By Hasan Tuluy
Latin America and the Caribbean began 2011 on an economic high. After swiftly bouncing back from the 2008/2009 global crisis, the region grew at a record level in 2010 with some countries reaching East Asian rates of 8 to 10 percent— so fast in fact that early this year economists worried about overheating, additional currency appreciation, excessive consumer credit, and higher inflation pressures.
By year’s end, however, much had changed in the world with both European and US economies faltering. Suddenly the region was no longer at risk of becoming a victim of its own success, but a victim one more time of systemic failures in the industrialized world.
The region’s powerhouse, Brazil, is already feeling the pinch of the Euro-zone crisis. Its gross domestic product stopped growing in the third quarter of this year for the first time since 2009. More disconcerting in fact is that China, a major force behind Latin America’s recovery, may be showing signs of slowing down.
While it is still unclear how much the current Euro-zone debt crisis will impact the region, we are certain that, even if not in a dramatic way, it will be felt in the real economy through a credit crunch, trade losses, and some decline in commodity prices. While Latin America is still in a strong macro and financial position compared with other regions, at risk would be the hard-won social gains of this past decade: 60 million people lifted out of poverty and clear inroads against inequality. These need to be protected, and we are ready to help.
I am optimistic that the worst will be avoided. I got a sense –from recent interactions– that leaders in the region are unwilling to remain passive and accept an outcome resulting from outside distress. They know that the smart thing to do is to actively prepare for the worst, and hope for the best, while influencing the international agenda.
Regionally they are coordinating actions through UNASUR. Globally, the region’s exemplary performance of recent years has increased the political clout for Latin American leaders at the world stage. Beginning in December, Mexico is taking over leadership of the Group of 20 (G-20) while Brazil, in turn, will host the United Nations Conference on Sustainable Development (RIO+20) next June, 20 years after the groundbreaking Earth Summit held in 1992.
Brazil too has said that it would be prepared to finance part of an IMF special fund to assist nations struggling to manage their debts. It was barely a decade ago when Brazil and many of its neighbors were those countries in trouble, seeking IMF funding.
Domestically, some countries are planning ahead by contracting flexible lines of credit or managing monetary policy and interest rates to provide an additional buffer if necessary.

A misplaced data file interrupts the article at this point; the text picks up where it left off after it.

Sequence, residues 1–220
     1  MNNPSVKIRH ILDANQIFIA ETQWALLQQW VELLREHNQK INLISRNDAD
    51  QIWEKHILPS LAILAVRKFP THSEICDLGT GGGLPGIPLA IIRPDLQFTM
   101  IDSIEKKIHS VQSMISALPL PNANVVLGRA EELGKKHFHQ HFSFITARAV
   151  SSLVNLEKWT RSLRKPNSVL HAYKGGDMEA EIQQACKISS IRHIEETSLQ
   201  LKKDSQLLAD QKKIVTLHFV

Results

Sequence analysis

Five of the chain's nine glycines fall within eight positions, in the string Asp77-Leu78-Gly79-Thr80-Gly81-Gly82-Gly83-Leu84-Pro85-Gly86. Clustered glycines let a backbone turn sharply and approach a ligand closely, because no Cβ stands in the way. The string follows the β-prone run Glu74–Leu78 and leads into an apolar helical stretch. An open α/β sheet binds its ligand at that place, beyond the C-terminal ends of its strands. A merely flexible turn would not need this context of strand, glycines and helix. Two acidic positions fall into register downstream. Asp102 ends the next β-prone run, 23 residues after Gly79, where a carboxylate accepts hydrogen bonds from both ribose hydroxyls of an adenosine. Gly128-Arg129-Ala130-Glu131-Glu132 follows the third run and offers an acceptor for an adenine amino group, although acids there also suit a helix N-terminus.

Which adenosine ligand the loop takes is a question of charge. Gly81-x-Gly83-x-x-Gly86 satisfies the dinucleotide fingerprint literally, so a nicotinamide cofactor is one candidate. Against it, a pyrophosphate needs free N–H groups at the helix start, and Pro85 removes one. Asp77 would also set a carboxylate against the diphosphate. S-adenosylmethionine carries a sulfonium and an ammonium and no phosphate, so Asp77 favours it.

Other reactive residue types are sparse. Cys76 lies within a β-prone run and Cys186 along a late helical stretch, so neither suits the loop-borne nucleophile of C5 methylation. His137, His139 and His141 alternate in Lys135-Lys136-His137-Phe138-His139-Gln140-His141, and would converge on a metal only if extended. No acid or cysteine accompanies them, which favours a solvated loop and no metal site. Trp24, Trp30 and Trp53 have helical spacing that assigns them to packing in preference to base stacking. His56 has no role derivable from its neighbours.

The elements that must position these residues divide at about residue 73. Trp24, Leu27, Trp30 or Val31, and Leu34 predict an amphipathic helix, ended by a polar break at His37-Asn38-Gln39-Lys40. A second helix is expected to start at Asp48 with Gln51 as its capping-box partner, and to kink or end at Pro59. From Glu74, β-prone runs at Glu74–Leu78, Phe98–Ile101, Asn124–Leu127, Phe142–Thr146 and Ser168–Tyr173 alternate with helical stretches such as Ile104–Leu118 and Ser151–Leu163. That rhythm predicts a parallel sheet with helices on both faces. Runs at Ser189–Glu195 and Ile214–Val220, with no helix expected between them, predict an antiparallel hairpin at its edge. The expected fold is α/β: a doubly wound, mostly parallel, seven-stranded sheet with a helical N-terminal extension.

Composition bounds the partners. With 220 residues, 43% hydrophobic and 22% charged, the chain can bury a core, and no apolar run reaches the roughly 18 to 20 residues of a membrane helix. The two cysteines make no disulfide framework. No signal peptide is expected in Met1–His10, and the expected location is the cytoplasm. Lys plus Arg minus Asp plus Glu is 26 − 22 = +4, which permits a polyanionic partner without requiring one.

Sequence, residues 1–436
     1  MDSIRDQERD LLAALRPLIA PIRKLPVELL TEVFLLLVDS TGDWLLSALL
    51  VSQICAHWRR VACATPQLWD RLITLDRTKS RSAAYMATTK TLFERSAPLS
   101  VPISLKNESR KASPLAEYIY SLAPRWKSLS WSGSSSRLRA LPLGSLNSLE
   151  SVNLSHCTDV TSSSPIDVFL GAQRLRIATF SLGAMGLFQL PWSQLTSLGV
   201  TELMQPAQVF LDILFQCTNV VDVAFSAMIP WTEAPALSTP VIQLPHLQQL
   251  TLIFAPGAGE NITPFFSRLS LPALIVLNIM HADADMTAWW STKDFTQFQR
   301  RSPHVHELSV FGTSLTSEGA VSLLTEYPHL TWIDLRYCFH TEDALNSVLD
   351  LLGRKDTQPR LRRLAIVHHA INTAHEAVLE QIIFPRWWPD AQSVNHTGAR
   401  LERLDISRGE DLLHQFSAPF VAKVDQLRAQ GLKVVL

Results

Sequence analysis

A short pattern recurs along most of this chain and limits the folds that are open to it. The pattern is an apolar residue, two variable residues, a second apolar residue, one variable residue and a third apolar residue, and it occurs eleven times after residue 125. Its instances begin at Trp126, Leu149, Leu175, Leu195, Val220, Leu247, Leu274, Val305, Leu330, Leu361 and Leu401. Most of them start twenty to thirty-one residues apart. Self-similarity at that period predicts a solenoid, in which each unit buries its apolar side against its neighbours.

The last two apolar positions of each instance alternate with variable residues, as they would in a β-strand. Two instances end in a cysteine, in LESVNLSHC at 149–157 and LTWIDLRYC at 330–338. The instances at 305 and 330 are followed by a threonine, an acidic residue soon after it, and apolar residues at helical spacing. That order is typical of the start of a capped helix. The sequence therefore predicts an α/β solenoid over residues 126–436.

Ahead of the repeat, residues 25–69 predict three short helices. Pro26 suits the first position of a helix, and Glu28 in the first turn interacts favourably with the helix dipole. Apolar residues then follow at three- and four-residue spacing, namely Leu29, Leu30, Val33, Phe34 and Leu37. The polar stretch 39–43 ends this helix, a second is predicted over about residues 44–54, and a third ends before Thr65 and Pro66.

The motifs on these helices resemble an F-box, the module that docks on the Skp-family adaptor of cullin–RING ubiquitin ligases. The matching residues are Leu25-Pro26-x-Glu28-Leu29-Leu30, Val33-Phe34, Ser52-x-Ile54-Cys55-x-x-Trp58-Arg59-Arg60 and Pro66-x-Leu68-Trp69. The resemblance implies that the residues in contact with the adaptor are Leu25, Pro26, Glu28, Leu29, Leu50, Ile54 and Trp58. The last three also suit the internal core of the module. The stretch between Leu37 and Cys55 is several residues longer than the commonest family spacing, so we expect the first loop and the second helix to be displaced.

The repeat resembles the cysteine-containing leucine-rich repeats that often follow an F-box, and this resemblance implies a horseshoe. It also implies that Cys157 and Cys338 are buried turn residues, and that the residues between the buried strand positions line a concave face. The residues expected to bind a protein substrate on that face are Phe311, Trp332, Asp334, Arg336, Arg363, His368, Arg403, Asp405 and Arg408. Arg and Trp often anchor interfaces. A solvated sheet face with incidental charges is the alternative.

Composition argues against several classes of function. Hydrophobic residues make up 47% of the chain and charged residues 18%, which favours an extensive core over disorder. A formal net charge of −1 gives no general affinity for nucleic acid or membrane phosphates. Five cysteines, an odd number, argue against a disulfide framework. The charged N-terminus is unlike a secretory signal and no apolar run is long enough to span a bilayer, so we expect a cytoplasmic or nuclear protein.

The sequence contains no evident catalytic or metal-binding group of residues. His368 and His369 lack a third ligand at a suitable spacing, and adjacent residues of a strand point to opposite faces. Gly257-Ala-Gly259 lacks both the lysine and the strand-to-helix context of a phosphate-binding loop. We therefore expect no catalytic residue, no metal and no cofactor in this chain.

Others are adopting fiscal stimulus, such as Peru’s US$500 million package announced in October. Peru’s stimulus is directed at local and regional public works projects as well as financing non-traditional exports. The advantage of these types of investments is that they not only help countries navigate the uncertainty, but also create the basis for the innovation and productivity that can allow them to emerge stronger in the post-crisis.
Whether it is through infrastructure investments or increased allocation of resources to those most vulnerable, the key is to be ready and ensure that the necessary mechanisms and institutions to implement counter-cyclical measures are in place when and if a shock hits.
While the hope is that another global recession will be avoided, the fact is that if it is not, Latin America and the Caribbean would be much worse without such preparations.
The region began 2011 facing its own challenges on how to sustain long-term growth rates higher than 5 percent. It was clear that in order to move forward, countries needed to close productivity gaps by investing in infrastructure, innovation, and human capital through better quality of education and health services.
Paradoxically then, as the region switches gears to focus on outside threats, it may find the appropriate course of action rather similar. Counter-cyclical policies are largely congruent with good pro-growth measures. To be sure, some small countries, particularly in the Caribbean and Central America, have not had the robust growth of their neighbors, they lack shock absorption capacity, and would find it hard to do this type of investment.
But with the majority of countries in the region still reaping the benefits from the longest and most widespread commodity boom, chances are that they can continue to grow economically while also becoming more equitable socially.
As risk of default jolts other regions, it may be good to remember that the right set of policies, under the right set of visionary leaders, can sway fate.
As of Jan. 1, 2012 Hasan Tuluy will be the World Bank’s Vice President for Latin America and the Caribbean.
Note: the opinions expressed in Caribbean Journal op-eds are those of the author and do not necessarily reflect the views of the Caribbean Journal.